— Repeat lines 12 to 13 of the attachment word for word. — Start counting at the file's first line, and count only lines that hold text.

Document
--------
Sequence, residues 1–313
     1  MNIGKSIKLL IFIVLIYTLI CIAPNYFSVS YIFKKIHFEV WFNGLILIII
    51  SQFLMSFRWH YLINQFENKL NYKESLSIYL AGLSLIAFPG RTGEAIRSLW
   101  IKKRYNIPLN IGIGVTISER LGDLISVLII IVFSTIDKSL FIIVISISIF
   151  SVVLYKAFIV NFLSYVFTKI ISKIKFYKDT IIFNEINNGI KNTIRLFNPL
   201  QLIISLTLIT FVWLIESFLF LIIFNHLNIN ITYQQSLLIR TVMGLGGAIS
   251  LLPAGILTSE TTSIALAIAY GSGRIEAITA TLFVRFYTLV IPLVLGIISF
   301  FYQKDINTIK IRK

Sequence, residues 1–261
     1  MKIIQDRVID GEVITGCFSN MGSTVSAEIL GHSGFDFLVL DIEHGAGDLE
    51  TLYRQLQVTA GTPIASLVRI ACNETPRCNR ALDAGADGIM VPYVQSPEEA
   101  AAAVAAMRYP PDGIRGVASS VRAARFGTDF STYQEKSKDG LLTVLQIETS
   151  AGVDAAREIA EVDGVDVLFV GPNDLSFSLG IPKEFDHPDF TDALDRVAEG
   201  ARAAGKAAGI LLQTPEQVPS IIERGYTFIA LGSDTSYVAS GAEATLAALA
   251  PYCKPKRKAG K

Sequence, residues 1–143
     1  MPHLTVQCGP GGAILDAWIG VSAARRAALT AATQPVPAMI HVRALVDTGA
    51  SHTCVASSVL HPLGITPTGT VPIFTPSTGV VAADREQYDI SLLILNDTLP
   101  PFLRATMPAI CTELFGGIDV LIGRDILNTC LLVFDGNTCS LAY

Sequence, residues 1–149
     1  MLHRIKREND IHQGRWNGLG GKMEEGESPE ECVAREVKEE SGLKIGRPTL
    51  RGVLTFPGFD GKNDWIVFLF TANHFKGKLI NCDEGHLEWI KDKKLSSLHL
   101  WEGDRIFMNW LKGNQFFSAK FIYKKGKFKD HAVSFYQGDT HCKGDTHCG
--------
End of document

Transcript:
   101  AAAVAAMRYP PDGIRGVASS VRAARFGTDF STYQEKSKDG LLTVLQIETS
   151  AGVDAAREIA EVDGVDVLFV GPNDLSFSLG IPKEFDHPDF TDALDRVAEG